The bus that I took was a Balti – Iasi bus which stops to pick up passengers in Falesti on its journey. When it arrived in Falesti it was already packed. But I still got on with a mob of other passengers. I felt for sure the bus was going to tip over on some of the curves. I can’t believe Romanian border guards let these Moldovan buses through. What they must think when they see these clowns pull up to customs in buses built before 1950 with 40 passengers over the maximum occupancy.

Sunday, July 23, 2006

This week I will be in the Stefan Voda region of Moldova. It is located on the Ukrainean border in the south-east of Moldova. There will be three-day seminar on leadership and community activism. I will be doing a short lesson on public speaking and community problem solving. It should be fun; there will a few volunteers present who I have not seen in months and it will be nice to catch up. AJ just returned from visiting his girlfriend in Niger and others have also been on vacation.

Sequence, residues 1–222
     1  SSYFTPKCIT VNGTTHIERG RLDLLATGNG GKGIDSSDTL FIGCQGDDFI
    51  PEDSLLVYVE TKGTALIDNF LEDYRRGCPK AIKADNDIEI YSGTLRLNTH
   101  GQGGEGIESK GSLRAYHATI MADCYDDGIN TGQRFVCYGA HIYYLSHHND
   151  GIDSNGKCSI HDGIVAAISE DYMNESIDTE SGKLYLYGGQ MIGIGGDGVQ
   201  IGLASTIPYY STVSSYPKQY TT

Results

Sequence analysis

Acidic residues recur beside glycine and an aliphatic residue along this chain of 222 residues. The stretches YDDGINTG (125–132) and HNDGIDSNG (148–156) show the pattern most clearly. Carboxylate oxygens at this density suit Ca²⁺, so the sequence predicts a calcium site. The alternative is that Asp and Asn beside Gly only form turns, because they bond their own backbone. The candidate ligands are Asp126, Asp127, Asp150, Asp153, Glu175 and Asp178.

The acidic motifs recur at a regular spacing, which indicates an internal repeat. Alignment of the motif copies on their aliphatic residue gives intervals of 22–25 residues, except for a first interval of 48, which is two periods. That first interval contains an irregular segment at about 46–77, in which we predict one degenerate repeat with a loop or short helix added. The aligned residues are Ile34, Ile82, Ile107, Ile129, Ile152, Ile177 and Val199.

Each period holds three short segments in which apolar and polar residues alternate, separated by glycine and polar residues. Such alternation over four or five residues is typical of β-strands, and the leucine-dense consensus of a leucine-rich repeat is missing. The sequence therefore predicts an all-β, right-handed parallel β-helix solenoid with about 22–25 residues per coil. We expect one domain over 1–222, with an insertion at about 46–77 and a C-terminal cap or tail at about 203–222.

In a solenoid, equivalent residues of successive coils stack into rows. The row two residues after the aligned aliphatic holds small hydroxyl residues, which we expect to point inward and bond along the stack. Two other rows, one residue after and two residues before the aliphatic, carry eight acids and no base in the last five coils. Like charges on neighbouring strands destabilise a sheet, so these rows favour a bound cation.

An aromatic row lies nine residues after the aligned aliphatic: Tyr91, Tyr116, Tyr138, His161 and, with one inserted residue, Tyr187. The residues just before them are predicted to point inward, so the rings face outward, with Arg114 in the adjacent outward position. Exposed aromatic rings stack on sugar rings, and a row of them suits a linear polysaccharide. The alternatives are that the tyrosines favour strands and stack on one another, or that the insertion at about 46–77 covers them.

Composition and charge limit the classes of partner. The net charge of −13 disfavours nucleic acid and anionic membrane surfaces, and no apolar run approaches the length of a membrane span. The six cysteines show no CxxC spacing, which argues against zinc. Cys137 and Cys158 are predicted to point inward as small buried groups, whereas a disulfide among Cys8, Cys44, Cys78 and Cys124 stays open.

A great poing about this leadership camp is that it is requisite for all participants after the camp to organize a "social marketing campaign" in their respective villages. A large problem in Moldova is citizen apathy. It's nice to see some active kids willing to do something for their communities

Friday, July 21, 2006

Mary and I helped out the local Baimaclia scouts about a month ago. We did a lesson on the importance on water. The scouts' trip felt more like a base effort at army recruitment and propaganda than a camping trip. Every day of the camp we all walked to a nearby army base from lessons on history how to disassemble and reassemble weapons, as you can see by the picture.

This is my last year in Peace Corps. My tentative COS (Close-of-Service) date is October 19th. It's been.....interesting. How does one describe living two years of their life abroad in a completely foreign country. Interesting does not really cover it. As trite as it sounds, it really has been "the toughest job you'll ever love."